Getting hacked is hardly an exciting thing, let alone something companies want to think about. Unfortunately in the climate of the way things are today, despite all the preventative measures you take, you are still at risk. So, what do you do if you get hacked? Here is a plan for how to coolly come back from the damage of a hack.
Have an “Incident Response Plan” ready and on deck even before any issues arise. Clearly outline who needs to do what in which situation. Once roles are that clearly defined, come incident each person knows what they are in charge of and has a plan to implement.
In addition to the Incident Response Plan, have a team on deck to solely handle the aftermath of a hack. This team should include representatives of IT, business leadership, HR, PR, as well as legal and operations.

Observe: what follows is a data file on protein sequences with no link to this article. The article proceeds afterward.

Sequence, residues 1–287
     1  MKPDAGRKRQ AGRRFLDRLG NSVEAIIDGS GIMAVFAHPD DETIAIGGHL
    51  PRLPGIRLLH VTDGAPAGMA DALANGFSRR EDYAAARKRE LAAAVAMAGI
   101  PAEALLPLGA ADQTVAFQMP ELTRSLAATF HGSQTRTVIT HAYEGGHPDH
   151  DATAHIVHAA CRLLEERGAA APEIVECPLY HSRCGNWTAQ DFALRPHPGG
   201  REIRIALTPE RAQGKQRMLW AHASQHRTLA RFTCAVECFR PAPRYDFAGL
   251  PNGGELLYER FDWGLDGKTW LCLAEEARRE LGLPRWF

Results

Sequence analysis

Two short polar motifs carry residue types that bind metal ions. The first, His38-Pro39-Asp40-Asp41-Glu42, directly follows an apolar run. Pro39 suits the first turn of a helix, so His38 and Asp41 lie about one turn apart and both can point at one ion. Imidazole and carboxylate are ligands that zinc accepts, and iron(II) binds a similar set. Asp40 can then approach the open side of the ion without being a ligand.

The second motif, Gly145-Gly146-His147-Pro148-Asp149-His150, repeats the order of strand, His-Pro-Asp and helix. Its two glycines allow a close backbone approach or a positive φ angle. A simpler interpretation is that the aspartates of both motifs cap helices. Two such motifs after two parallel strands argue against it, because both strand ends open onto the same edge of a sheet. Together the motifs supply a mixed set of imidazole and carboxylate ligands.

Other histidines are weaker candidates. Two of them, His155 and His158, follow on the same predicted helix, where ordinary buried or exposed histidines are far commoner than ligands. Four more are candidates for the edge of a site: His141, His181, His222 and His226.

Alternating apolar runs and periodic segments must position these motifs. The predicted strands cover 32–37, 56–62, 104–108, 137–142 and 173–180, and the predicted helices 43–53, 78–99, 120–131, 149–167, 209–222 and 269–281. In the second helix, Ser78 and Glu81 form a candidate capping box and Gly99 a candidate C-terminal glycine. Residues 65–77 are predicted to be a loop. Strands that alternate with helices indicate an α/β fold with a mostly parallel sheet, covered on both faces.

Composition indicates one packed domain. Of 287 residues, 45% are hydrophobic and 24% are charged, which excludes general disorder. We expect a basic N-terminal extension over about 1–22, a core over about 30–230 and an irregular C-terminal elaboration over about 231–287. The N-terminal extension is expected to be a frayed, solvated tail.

In order to prevent future attacks as well as diagnose what happened, don’t be afraid to align with vendors and security experts as the need comes up. These teams can help sort out how a breach occurred and how to prevent a similar situation in the future.
Don’t delay meeting with either internal or external legal teams to sort out any legal implications of a hack. Lawyers will be responsible for telling you how you are to inform anyone involved as well as any practices for reporting to the government. They can also help set and preserve any evidence for any sort of litigation or remediation moving through.
Next, be vigilant about informing any insurance agencies and representatives. Be ready to collect and provide as much data as possible to them.
Most importantly, keep communication as open and transparent as possible. Keep all involved parties informed and up to date as things move forward. Let them know what has happened as well as any action being taken to remediate the situation. Keep them informed as actions are taken and changes are implemented. Be willing and able to show them that you’re all in it together.
In the end, a hack is the last thing your organization wants to think about, but better to be prepared than have to approach one blindly.